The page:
Presentation on theme: "Wearing Down Earth’s Surface Unit C Chapter 6 Lesson 2 C14 – C19."— Presentation transcript:
Wearing Down Earth’s Surface Unit C Chapter 6 Lesson 2 C14 – C19
Objectives Identify destructive forces as processes that wear down Earth’s land features. Identify weathering as a destructive force. Recognize that weathering can be either mechanical or chemical Define erosion as the carrying away of weathered rock by water, wind, and glaciers.
Main Idea Destructive forces, such as weathering and erosion, wear down Earth’s surface features.
Vocabulary Erosion – (noun), destructive force in which pieces of rock are moved by water, wind, or moving ice. Sediment – (noun), small pieces of rock Weathering – (noun), destructive force that breaks down rocks into smaller pieces
Weathering A destructive force that breaks down rocks. Two types: Mechanical Chemical
Mechanical Weathering The breaking of larger rock into smaller rock called sediment Ice – water goes into cracks of rocks, freezes, and breaks rock apart. Moving air & Water – causes weakening of rock and it will crumble Living things – plant roots and burrowing animals
Chemical Weathering Rocks change into other materials Water is the main factor causing chemical weathering. Water dissolves minerals that make up certain rock Water dissolves certain chemicals from the air & soil to form a weak acid – which dissolves minerals
Cave Formation Underground hollow areas created by weathering Weak acids seep into the ground Acid dissolves minerals in rock Over time, holes produced in the rock At first full of water, but eventually water drains
Limestone Many caves are made from limestone The minerals in limestone is easily dissolved by weak acid
Describe three ways that mechanical weathering may occur? Water in the cracks of rocks, freezes, and busts rock into smaller pieces Wind or rushing water hitting rocks causes them to weaken and crumble. Plant roots breaks apart rock.
Why do many caverns form in limestone? The minerals in limestone are easily dissolved by acids.
Erosion The carrying away of sediments by moving water, wind, or moving ice Common agent of erosion: Water moving down a river
River Valley Formation Begins as a shallow stream at higher elevation Stream grows and carries sediment away In time, the river cuts a V-shaped valley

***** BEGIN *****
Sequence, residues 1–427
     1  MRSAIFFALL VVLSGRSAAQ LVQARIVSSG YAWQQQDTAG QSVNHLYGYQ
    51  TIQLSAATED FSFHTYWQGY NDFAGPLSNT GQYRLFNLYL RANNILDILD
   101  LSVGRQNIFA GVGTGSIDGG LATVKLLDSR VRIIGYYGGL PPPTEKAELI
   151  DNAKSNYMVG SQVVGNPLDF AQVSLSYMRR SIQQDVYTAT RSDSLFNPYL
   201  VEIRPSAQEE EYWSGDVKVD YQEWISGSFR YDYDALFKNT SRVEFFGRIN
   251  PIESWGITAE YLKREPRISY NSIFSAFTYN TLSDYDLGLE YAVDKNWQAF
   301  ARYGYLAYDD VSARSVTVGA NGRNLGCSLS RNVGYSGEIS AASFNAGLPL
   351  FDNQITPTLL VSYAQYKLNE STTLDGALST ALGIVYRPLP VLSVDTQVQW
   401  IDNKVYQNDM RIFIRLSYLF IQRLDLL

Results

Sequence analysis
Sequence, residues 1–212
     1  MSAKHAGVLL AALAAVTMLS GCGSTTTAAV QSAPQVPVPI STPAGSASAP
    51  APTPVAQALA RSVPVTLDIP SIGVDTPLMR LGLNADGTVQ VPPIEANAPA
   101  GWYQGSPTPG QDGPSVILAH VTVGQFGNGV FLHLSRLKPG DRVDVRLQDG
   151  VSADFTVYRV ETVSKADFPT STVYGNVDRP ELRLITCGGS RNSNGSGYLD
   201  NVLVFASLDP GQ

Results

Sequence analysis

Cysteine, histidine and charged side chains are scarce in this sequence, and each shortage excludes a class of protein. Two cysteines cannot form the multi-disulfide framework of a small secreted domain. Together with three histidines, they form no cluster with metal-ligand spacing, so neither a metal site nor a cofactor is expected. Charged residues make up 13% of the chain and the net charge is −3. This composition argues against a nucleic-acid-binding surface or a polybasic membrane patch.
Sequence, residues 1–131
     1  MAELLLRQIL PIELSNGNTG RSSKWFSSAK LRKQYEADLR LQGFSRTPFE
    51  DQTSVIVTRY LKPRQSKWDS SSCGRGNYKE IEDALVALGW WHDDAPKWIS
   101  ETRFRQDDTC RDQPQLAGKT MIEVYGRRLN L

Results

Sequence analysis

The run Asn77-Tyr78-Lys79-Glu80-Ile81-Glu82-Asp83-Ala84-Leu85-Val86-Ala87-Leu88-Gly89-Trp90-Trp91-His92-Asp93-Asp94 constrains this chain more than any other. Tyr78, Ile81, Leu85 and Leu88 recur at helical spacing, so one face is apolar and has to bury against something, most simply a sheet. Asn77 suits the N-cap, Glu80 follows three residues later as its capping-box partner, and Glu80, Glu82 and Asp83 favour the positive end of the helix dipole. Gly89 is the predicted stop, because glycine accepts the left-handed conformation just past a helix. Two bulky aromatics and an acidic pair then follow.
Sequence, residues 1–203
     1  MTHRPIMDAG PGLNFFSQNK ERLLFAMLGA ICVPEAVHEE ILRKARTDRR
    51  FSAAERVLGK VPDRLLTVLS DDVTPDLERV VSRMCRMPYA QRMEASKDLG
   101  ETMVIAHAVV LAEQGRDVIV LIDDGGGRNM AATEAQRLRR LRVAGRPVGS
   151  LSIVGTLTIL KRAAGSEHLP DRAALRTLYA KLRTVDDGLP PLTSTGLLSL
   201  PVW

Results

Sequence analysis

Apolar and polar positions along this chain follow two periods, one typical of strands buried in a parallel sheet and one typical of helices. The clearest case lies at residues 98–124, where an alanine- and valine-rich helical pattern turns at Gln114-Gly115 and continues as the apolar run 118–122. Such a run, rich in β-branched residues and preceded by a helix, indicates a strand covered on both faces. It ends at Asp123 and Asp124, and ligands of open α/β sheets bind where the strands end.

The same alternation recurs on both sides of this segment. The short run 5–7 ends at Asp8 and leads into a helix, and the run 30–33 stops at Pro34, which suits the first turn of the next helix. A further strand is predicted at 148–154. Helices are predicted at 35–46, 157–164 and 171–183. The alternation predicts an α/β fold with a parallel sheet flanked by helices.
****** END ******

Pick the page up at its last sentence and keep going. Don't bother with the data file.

Frozen Water Glaciers formed the rolling plains and the Great Lakes. Glaciers move down stream toward the sea. Move large amounts of rock & soil. They form hallows in the land they erode. When they melt they form lakes.
Ocean waves & Currents Crashing waves break down rock along coastlines. Sediments are dragged back and forth, slowly turning into sand. Wind & Waves erode the land. Sea caves may join to form a sea arch. Erosion may continue until arch falls creating a sea stack.
Weathering vs. Erosion Weathering Process that breaks down rock into smaller pieces called sediment Erosion The carrying away of sediments by moving water, wind, or moving ice
Slow and Fast Changes Chemical weathering = takes thousands of years But, after a cave is formed, the weight my be to great causing a sudden collapse which forms a sinkhole.
Sinkholes Form very suddenly Land above weathered rock sinks into a hole.
Landslides Occur suddenly due to erosion Large movements of land that tumble down a steep slope. Mudslides, rock falls, & avalanches
Causes of landslides Gravity is the main cause Erosion from rivers, rain, glaciers, or ocean water These steepen the slope and loosen sediment A disturbance, such as an earthquake, can shake the rocks loose. Volcanoes can cause landslides also.
How are a sinkhole and a landslide alike? How are they different? ALIKE Occur quickly Result of weathering & erosion Gravity pulls sediment downward DIFFERENT Sinkhole is formed when rock above a cave falls into the cave In a landslide, rocks and soil tumble down a hill.
What are the four forces that can combine to cause a landslide? Erosion loosens sediments making a steep slope Rain causes sediments to become heavy with water Earthquakes shake the sediments loose Gravity carries the sediments downhill
Turn to page C19 to answer the Review questions.
Rocks break down during a destructive process called what? weathering
This forms when agents of mechanical weathering break rocks into smaller pieces. sediment
Wind, water, and moving ice move sediments during the process of ________. erosion
The rocky outer layer of Earth’s surface is called the ________. crust
A ______ map shows the shape of surface features and their elevations. topographic
A flat landform found at a high elevation is called a ______. plateau
Earth’s crust consists mostly of A. glaciers B. Pressurized metals C. magma D. Solid Rock
Earth’s crust consists mostly of D. Solid Rock
List three causes of mechanical weathering. Ice Wind Moving water Plant & animal activity
Describe how chemical weathering can take place below Earth’s surface. Water seeps into deep cracks and dissolves minerals in rock. Acid rain seeps into cracks in rock and dissolves below the surface.
Wind, running water, and glaciers lead to erosion. Which one moves sediments most quickly? Which moves sediments most slowly? Which is capable of moving the heaviest sediments? Fast-flowing water & high speed winds can carry small sediments quickly. Glaciers move most slowly, but are capable of carrying large amounts of sediment with them.